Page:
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Fri, Jun 17, 2022

Airbus A321XLR Takes Flight

New Long-Range Narrow-Body Aims for Market Niche

Airbus’s newest and largest narrow-body airliner, the A321XLR, has made its maiden flight—and in so doing moved the European air-framer closer to its goal of capitalizing on the demand for long-range, single-aisle commercial aircraft.

The aircraft, MSN 11000, departed Hamburg-Finkenwerder Airport at 09:05 UTC, and remained aloft for approximately four hours and 35 minutes.

The flight-crew tested the aircraft’s flight controls, engines, and major systems—including controversial flight-envelope protections—at both high and low speed.

Airbus VP Philippe Mhun stated: "This is a major milestone for the A320 family and its customers worldwide. With the A321XLR coming into service, airlines will be able to offer long-haul comfort on a single aisle aircraft, thanks to its unique Airspace cabin. The A321XLR will open new routes with unbeatable economics and environmental performance." Entry into service is targeted for early 2024.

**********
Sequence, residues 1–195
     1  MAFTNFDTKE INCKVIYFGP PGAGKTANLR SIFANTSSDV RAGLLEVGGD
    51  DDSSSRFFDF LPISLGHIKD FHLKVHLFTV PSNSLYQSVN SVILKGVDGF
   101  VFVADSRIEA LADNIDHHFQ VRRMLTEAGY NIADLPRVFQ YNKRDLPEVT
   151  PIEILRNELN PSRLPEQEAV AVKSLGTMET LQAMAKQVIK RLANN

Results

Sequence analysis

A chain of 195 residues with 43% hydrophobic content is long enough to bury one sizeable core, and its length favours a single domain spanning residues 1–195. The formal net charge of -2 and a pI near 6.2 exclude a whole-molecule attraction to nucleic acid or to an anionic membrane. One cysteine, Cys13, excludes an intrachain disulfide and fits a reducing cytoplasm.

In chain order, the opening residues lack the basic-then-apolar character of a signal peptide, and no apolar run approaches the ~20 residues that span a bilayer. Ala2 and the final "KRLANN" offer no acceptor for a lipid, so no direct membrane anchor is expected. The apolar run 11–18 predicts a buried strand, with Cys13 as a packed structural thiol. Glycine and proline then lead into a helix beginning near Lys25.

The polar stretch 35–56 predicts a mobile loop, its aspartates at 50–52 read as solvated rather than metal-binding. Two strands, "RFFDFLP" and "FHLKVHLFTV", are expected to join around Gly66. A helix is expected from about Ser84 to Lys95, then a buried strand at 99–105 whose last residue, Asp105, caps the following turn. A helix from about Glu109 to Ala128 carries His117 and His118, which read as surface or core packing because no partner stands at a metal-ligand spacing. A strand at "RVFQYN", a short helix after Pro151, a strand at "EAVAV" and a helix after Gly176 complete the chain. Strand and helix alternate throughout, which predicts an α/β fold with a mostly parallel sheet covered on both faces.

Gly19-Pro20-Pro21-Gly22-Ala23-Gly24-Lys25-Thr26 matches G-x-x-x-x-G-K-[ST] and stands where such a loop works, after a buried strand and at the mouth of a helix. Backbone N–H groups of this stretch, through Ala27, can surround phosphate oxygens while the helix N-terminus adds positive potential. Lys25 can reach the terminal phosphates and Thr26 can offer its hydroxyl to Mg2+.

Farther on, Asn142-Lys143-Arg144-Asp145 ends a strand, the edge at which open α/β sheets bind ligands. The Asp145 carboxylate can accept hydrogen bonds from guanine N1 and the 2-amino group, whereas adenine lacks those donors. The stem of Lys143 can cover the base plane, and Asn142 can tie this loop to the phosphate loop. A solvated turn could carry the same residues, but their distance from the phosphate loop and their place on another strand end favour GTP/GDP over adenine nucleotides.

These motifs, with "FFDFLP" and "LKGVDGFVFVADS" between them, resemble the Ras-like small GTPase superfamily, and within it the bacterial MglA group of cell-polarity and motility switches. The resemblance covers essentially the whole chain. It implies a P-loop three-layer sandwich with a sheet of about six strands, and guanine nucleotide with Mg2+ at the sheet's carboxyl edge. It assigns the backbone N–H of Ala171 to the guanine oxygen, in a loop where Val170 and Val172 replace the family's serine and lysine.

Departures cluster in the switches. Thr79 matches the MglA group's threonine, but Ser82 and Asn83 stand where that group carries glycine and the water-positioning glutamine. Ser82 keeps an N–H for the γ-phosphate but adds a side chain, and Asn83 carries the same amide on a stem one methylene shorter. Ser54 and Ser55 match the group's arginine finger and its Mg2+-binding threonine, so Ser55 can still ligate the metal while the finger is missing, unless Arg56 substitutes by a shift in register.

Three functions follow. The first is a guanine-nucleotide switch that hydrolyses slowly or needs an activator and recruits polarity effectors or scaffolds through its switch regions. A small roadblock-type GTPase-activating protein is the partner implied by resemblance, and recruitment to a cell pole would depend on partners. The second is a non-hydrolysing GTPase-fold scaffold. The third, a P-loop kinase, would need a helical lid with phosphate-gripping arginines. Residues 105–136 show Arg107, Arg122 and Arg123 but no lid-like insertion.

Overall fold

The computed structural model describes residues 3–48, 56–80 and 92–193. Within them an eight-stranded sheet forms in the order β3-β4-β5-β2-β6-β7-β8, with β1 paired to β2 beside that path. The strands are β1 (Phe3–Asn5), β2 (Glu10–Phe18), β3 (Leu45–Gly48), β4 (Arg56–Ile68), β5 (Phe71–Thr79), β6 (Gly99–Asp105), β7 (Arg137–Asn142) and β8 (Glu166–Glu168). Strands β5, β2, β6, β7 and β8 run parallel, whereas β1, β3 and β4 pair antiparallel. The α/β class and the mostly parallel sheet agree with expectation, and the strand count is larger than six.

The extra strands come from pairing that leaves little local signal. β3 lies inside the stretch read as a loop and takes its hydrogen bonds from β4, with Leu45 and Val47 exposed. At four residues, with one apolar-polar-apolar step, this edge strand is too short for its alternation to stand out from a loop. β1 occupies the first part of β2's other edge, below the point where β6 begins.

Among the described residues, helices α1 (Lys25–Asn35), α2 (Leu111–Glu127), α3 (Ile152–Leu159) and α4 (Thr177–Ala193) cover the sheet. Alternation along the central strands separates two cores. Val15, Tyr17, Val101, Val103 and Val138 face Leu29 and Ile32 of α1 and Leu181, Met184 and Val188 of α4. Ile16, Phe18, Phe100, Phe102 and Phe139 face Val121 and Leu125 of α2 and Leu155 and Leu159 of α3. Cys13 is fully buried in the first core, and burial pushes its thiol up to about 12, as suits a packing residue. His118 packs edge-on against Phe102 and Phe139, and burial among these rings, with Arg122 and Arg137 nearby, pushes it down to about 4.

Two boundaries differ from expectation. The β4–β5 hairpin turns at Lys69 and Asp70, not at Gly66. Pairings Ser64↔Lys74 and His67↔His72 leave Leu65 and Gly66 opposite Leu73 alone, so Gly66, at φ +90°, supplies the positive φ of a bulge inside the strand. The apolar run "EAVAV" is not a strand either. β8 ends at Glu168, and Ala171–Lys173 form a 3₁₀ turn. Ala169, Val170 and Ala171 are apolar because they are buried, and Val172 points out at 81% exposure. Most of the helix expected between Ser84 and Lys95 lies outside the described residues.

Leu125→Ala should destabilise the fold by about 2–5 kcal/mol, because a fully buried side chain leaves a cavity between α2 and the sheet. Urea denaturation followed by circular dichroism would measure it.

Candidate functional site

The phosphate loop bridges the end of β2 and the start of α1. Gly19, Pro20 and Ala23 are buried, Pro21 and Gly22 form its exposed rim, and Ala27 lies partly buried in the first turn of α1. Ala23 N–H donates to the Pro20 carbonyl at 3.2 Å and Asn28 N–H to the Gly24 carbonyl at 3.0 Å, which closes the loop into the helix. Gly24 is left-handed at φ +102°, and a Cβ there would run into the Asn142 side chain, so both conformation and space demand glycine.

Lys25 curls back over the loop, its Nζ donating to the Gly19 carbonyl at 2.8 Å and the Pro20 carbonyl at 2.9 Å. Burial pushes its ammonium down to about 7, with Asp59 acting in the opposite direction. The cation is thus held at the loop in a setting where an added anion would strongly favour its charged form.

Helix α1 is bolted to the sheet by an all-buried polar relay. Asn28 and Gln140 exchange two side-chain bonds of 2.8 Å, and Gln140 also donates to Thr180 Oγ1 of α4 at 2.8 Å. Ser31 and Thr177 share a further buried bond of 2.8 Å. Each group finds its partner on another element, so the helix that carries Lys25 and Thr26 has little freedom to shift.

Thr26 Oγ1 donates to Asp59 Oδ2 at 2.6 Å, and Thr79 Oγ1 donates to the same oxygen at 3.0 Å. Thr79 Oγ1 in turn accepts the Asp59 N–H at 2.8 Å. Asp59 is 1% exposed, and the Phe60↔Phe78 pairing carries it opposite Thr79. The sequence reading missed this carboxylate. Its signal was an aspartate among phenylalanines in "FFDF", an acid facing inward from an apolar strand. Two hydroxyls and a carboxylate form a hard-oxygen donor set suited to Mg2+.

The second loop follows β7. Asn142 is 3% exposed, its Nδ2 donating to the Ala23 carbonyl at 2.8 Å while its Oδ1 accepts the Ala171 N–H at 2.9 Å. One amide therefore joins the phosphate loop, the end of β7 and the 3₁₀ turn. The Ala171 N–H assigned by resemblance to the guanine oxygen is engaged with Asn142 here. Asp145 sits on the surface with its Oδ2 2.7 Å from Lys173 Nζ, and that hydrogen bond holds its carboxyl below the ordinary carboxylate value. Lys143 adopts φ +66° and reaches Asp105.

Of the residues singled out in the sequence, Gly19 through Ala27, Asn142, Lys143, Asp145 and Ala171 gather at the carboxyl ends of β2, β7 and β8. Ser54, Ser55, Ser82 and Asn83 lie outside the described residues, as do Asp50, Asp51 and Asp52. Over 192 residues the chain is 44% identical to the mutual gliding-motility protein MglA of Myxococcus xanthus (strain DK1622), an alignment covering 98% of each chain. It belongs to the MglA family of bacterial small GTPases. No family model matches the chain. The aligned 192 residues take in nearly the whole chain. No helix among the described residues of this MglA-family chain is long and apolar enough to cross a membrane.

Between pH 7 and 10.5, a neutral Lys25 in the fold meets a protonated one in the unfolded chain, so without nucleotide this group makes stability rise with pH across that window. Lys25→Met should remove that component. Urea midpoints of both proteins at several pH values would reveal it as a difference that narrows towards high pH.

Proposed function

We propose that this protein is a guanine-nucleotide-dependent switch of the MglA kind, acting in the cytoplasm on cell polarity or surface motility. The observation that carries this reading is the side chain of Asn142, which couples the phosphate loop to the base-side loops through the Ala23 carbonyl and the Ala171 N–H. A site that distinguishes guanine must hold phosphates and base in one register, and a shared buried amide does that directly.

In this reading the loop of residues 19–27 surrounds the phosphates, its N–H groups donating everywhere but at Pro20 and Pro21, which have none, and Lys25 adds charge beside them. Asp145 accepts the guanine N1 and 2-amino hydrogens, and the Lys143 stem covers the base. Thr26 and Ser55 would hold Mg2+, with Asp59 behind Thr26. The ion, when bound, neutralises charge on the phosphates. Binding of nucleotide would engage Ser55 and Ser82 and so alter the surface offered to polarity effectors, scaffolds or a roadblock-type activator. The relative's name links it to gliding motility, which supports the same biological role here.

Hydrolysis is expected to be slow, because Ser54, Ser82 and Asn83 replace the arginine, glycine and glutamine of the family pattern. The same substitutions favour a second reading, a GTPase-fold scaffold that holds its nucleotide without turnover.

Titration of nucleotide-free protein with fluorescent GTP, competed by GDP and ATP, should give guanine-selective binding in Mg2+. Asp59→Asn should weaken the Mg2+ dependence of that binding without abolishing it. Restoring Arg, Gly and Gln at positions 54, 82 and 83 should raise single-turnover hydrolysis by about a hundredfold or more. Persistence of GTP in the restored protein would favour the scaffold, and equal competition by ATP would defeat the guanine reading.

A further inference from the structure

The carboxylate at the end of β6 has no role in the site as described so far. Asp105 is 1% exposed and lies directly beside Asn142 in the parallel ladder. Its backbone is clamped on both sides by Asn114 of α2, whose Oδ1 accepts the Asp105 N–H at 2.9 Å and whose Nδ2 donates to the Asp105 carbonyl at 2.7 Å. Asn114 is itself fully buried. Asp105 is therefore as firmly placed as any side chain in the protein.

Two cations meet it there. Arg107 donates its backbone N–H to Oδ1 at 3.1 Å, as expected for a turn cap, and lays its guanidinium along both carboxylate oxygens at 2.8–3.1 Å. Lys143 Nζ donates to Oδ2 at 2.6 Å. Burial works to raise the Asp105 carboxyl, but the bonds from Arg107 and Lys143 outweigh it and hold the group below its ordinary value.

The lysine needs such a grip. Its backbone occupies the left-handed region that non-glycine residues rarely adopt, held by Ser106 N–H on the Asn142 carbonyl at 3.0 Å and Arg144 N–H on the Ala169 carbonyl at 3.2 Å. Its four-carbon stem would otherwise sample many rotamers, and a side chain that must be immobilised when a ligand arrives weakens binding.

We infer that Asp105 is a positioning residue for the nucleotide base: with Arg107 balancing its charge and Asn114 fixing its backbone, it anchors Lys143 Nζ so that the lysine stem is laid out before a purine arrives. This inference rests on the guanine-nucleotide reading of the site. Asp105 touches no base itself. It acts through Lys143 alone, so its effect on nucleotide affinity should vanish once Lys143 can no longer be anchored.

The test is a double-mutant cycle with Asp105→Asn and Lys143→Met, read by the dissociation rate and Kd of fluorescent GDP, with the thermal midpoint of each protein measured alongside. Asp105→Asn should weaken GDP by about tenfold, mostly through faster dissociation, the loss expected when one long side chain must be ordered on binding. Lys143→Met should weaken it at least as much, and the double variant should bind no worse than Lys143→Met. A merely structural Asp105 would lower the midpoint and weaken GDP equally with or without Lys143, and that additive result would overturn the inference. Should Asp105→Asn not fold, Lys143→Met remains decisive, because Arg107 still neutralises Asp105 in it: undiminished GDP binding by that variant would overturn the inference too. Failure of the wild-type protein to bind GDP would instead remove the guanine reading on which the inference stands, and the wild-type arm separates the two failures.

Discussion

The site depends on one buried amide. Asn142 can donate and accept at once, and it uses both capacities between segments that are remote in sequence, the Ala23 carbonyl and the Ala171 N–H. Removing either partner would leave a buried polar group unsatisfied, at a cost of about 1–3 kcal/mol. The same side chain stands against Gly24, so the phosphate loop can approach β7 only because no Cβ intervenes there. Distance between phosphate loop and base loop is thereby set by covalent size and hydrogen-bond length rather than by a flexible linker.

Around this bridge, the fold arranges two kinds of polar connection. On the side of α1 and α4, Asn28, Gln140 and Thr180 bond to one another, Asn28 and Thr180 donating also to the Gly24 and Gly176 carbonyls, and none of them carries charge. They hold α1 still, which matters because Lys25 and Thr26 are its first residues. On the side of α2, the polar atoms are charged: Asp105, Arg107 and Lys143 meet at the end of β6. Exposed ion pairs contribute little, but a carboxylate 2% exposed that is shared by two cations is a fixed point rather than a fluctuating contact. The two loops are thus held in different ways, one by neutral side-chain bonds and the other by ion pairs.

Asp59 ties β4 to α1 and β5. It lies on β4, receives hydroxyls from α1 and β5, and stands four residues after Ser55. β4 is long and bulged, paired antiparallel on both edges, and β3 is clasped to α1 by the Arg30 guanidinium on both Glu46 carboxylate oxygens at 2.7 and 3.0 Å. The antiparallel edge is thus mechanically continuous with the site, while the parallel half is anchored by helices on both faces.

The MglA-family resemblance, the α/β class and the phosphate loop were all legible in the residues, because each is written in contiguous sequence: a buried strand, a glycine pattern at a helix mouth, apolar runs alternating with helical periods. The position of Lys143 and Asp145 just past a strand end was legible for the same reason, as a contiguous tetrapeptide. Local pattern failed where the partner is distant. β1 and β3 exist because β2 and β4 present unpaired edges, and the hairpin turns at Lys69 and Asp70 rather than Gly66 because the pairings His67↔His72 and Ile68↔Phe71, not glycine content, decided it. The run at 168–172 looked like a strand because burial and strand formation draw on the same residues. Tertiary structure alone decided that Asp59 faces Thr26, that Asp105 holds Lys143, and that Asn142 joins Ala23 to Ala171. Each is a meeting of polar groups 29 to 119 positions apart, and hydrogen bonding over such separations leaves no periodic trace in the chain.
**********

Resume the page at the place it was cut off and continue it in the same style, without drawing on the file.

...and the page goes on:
Airbus aspires to offer the A321XLR to airlines looking to service thinly-flown, long-distance routes, such as Houston/Santiago, New York/Rome and Tokyo/Sydney, directly and profitably—rather than operating higher-cost, wide-body aircraft or forcing passengers to travel indirectly, via wide-body hubs.

The consortium asserts the A321XLR‘s range exceeds that of rival aircraft by as much as fifteen-percent. Such endurance is made possible by the addition of a new, rear-center fuel-tank molded into the model’s lower fuselage.

The addition of the ventral fuel-tank has prompted aviation regulatory agencies to voice concerns over the risk of fire in the event of landing-gear malfunctions or belly-landings. In light of subject concerns, Airbus has delayed the A321XLR‘s entry into commercial service pending further assessment and possible modification of the aircraft’s lower structure.



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